It’s easy to relegate media list development to the remedial PR file — things that are too basic to analyze or improve. But for PR and media relations people, a good media database is critical. Even the most stellar pitch is useless if the wrong people are targeted; a carefully selected list of fewer reporters will yield better results than a spray-and-pray approach. What’s more, the universe of journalists is always changing, so the humble media list is something that requires not only external database tools, but constant updating, re-creation, and reinvention.
The desired audiences for a story depend on the corporate communications goals involved, whether general visibility, opinion leadership, or product support. If your company has secured $10 million in Series B funding, it seems like a straightforward business/entrepreneurship pitch, but there may be additional sectors that maximize receptivity to the story. These may include industry beat reporters, local media outlets, women’s interest or multicultural media (in the case of a female or minority founder), or even lifestyle press. The target audiences will dictate which media to include, but be creative when thinking through the story possibilities.
Once you’ve determined the story theme and the audience, you’ll need to consider all the possible angles from which you can present the story to the media. While this may seem easy and obvious, it takes a certain talent for “creative analysis” to avoid missing pitch opportunities. If your company that just secured the $10m is about to unveil a new mobile application that alerts you when an ex-boyfriend is nearby, then you may have some interesting crossover of angles to pitch, from relationships and lifestyle to data privacy to mobile marketing. Next, to choose the right reporters and outlets, you’ll need to brainstorm possible beats that might match your story angles. Once audiences, pitch angles and story beats have been confirmed, it’s time to jump into Cision.
Using a database platform like Cision may seem like a streamlined and easy way of tossing together a media list. But to find the correct reporter contacts for your pitch, you’ll need to speak Cision’s language. Basically, you translate your story’s themes into keywords that match desired beats. “Relationships” beat writers can be searched using keywords like lifestyle, romance, and women’s interests, while mobile marketing beat writers are found under terms like mobile apps, mobile computing, and mobile communications. But be careful not to go down the keyword rabbit hole into the wrong beats. While a mobile apps reporter may like the story, a telecommunications or consumer electronics reporter will be annoyed with your offbeat pitch.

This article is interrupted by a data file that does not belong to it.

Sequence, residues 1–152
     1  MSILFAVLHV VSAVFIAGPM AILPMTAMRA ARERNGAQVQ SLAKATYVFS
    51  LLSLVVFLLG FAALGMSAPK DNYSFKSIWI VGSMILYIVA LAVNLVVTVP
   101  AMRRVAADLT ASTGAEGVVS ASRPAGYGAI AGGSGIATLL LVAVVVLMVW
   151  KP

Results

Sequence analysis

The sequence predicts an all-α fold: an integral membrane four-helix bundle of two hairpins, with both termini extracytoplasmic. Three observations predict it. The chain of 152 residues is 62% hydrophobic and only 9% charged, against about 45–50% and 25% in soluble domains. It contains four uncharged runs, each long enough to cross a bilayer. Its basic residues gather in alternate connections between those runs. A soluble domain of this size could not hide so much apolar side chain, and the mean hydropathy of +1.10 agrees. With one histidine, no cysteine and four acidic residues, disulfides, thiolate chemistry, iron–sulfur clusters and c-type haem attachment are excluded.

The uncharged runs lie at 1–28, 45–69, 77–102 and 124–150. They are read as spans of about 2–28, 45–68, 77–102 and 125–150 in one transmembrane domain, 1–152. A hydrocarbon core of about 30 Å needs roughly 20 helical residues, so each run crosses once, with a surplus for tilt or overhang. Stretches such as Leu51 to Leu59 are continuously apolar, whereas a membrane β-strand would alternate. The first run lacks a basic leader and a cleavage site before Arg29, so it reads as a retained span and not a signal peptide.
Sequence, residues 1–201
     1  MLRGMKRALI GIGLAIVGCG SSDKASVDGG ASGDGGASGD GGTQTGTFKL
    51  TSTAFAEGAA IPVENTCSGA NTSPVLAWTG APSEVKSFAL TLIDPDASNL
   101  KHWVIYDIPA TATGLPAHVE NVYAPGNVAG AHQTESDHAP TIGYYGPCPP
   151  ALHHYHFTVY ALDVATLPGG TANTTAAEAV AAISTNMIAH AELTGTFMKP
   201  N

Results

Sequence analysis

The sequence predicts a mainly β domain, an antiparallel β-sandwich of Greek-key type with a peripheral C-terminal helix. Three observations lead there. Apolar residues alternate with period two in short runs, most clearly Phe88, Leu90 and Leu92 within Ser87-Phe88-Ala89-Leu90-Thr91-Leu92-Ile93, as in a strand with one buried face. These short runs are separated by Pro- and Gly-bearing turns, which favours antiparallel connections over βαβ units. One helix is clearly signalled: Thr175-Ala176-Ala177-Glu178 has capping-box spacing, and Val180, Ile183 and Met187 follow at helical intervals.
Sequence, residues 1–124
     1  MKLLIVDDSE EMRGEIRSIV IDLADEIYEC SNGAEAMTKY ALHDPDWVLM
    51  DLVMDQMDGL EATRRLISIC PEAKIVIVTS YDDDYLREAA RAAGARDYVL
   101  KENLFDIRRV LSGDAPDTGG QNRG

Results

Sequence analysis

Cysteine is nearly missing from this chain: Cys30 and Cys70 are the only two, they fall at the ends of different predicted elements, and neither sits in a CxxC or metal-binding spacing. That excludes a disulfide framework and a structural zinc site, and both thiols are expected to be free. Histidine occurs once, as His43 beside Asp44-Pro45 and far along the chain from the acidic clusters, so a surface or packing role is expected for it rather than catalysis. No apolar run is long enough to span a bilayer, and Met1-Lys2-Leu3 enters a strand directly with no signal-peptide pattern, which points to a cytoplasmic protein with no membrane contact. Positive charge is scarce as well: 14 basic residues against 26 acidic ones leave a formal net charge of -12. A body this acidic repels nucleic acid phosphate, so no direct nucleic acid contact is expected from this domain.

It may seem harmless to fire off email blasts to a hastily prepared list of media contacts, but every irrelevant or inappropriate email will deduct media relations points from your PR account. That annoyed reporter may not open your next note, or any others after that. Note that you will keep the lists for different verticals separate, since they require different pitches. Don’t forget to consider the size and prominence of the targeted outlets. Some story angles will be so broad or high-profile as to demand national publications with huge circulations, while others may be tailor-made for trade outlets, smaller publications, or bloggers. We strive to avoid wasting any journalist’s time. See this earlier post for more tips on good media relations.
When parsing the list of media contacts, it’s easy to miss clues that disqualify them from your outreach. Though they may cover the correct beat, high-ranking journalists like editors-in-chief or managing editors don’t review pitches from PR people. Additionally, keep your eye on the fine print in Cision contact listings. If it says, “not an appropriate PR contact,” trust that advice. If the reporter lists no contact email address or has a generic like stories@USAToday.com, do not include them. After you’ve exported your media list from Cision, it is imperative to double check the contacts using Google, since Cision is not always updated in real time.
Cision is simply the starting point. Googling will not only serve as a double-check, but it yields additional reporter contacts. Use Google to check and see how often your listed journalists are published and if they tend to write relevant content. A contact listed under the “women’s interests” beat may write about anything from career to family health. And if a reporter has published only a single story in the past year, it’s a good clue that the contact’s information has not been updated in Cision. You may find that you have multiple reporter contacts listed for many outlets. Some PR pros believe that you should only pitch a single reporter per outlet, but we believe that in today’s fast-paced mediascape, pitching two or three reporters at an outlet is perfectly acceptable. Plus, some outlets like Forbes online enlist the aid of lots of freelance contributors who are not on staff.
A meticulously compiled media list of 30 reporters beats a haphazardly thrown together list of 200 any day of the week. Knowing your story themes and angles, the target audiences, and the right outlets – all in consideration of PR goals – will help pull together the best possible list. Consistently solid media research will lead to greater success and better media relations, which for most PR professionals is a top priority.